But there is one more consideration in selecting a suitable sandpaper for your project; that is choosing the right type of abrasive, as well as the right grit and weight.
The reddish paper on the left is production grade aluminum oxide paper for use in carpentry work. The almost white paper on the right is silicon carbide, the best paper for furniture work. The black paper in the center is for wet sanding final finishes.
The cheapest sandpaper is usually known as “flint” paper, since it uses a yellowish type of natural sand similar to flint. While inexpensive to purchase, it is expensive to use because it wears out so quickly. This lack of staying power means it is almost never the choice for any project that requires more than a few square inches of sanding. Another natural abrasive paper is known as “garnet” paper, which reddish in color and more expensive and more durable than flint but still not up to professional standards.
The most common sandpaper sold in home improvement stores is aluminum oxide paper. This paper, recognized by its brownish-red tint, is more expensive yet, but is getting close to being the real thing. This paper is often called “production paper” and is excellent for short term, smaller, finer applications.
The real pro in the line of sandpapers is known as silicon carbide. This is a synthetic abrasive and is dark gray (or black in the waterproof version) and very light gray (almost white) in the “dry” variety. This is the choice of most woodworking professionals in spite of the initial cost because it is the most long-lasting, durable and, therefore, in the long run, the most cost-effective. Since the abrasive is a manufactured product, rather than a natural mineral, the particles on the silicon carbide paper are more uniform in size and shape than those used in other types of paper and deliver the most consistent performance, from sheet to sheet and from pack to pack. The major manufacturers of professional grade silicon carbide paper are 3M and Klingspor.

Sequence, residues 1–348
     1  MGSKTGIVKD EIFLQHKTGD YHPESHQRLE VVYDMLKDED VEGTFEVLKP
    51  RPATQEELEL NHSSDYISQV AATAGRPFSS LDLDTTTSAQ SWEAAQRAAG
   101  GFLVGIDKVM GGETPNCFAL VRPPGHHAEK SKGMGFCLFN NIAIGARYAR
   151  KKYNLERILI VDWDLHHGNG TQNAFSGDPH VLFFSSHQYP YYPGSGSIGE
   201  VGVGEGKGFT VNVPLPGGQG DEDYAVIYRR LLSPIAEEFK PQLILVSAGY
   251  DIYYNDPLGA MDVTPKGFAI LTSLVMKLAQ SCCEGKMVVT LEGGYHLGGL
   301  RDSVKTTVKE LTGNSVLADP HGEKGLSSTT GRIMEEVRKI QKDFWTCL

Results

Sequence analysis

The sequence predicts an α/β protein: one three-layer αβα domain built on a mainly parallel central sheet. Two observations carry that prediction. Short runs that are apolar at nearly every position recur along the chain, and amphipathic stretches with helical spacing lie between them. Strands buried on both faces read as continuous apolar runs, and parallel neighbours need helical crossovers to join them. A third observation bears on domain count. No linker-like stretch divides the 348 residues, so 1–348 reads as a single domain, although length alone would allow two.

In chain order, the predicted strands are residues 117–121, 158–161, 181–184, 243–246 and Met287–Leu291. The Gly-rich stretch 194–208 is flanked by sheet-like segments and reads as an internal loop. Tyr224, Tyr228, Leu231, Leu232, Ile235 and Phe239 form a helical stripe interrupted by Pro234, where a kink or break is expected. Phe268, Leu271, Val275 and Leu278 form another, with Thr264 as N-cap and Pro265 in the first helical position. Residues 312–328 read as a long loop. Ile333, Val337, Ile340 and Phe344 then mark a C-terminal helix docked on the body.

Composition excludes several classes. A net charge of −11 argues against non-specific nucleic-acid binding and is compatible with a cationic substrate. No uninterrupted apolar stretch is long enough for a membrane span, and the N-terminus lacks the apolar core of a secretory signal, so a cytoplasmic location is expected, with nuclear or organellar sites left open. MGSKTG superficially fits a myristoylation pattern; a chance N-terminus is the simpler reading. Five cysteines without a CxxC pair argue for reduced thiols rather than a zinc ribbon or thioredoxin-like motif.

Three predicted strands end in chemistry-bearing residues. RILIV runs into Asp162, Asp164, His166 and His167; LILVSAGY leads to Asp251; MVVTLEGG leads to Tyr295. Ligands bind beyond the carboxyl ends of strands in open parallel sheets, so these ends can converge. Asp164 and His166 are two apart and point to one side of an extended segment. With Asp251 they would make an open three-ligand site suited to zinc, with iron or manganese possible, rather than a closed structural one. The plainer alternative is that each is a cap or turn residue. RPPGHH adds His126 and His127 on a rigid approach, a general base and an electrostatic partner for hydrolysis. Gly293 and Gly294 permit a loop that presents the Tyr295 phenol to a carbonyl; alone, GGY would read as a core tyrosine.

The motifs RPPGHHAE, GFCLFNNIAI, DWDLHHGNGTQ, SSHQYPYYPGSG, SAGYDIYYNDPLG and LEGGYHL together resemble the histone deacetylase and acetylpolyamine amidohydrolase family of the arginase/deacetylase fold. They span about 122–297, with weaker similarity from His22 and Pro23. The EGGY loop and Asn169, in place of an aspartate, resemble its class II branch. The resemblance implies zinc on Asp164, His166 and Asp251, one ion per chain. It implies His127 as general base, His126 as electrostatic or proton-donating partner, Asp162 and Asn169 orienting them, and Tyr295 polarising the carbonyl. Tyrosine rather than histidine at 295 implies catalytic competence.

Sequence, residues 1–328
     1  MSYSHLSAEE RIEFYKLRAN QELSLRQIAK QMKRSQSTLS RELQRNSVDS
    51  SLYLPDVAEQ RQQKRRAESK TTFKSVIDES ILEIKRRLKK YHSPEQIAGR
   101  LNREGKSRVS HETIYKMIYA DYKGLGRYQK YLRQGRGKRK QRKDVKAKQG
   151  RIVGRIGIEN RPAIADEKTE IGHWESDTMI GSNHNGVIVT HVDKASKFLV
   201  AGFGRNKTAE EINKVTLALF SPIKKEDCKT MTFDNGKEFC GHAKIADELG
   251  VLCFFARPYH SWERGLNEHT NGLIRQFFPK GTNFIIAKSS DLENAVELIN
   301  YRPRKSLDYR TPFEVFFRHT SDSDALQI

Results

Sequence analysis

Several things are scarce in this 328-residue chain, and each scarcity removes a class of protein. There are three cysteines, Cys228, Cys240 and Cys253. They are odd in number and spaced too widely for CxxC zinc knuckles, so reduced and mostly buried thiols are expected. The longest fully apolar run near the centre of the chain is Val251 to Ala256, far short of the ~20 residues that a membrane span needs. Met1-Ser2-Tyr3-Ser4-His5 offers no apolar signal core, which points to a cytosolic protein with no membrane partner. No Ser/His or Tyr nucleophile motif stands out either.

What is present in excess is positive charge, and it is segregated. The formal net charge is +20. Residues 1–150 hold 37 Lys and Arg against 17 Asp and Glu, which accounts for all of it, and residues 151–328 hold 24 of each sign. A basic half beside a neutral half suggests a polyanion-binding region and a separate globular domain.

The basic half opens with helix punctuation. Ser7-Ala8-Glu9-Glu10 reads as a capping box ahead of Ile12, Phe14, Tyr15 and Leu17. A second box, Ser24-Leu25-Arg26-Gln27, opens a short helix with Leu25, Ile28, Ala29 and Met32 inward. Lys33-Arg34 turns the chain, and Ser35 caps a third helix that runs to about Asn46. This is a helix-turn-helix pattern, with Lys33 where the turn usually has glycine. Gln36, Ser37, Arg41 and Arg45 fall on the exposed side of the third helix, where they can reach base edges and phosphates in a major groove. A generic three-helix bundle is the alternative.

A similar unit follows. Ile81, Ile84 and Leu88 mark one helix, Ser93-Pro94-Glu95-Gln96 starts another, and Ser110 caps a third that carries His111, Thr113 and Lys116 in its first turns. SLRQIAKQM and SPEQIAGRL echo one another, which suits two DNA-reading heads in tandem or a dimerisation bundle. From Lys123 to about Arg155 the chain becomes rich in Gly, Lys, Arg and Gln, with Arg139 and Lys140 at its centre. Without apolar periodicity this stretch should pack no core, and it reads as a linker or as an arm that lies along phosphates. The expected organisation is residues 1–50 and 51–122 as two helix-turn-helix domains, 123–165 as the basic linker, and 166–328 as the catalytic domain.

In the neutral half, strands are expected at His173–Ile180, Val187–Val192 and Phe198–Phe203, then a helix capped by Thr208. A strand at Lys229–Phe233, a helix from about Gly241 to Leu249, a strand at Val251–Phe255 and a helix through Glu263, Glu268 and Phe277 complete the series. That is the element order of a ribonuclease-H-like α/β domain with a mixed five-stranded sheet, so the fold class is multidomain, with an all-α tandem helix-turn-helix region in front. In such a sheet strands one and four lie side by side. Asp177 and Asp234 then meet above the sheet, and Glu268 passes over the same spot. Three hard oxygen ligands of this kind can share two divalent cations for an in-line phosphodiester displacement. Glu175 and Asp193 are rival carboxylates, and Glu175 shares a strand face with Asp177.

White silicon carbide paper in the appropriate grade is the recommended paper for virtually all wood projects. But it can be a little difficult to find. Not many home stores carry it because of its cost—in many cases in excess of $1 per sheet—but good paint stores and higher-end woodcraft/hobby type stores make it available, as do some of the better mail-order supply houses. It’s worth the hunt.
Fred Taylor is a antique furniture Worthologist who specializes in American furniture from the Late Classicism period (1830-1850).
Send your comments, questions and pictures to me at PO Box 215, Crystal River, FL 34423 or firstname.lastname@example.org.
Visit Fred’s website at www.furnituredetective.com. His book “How To Be A Furniture Detective” is now available for $18.95 plus $3 shipping. Send check or money order for $21.95 to Fred Taylor, PO Box 215, Crystal River, FL 34423.
Fred and Gail Taylor’s DVD, “Identification of Older & Antique Furniture,” ($17 + $3 S&H) and a bound compilation of the first 60 columns of “Common Sense Antiques,” by Fred Taylor ($25 + $3 S&H) are also available at the same address. For more information call 800-387-6377, fax 352-563-2916, or e-mail email@example.com.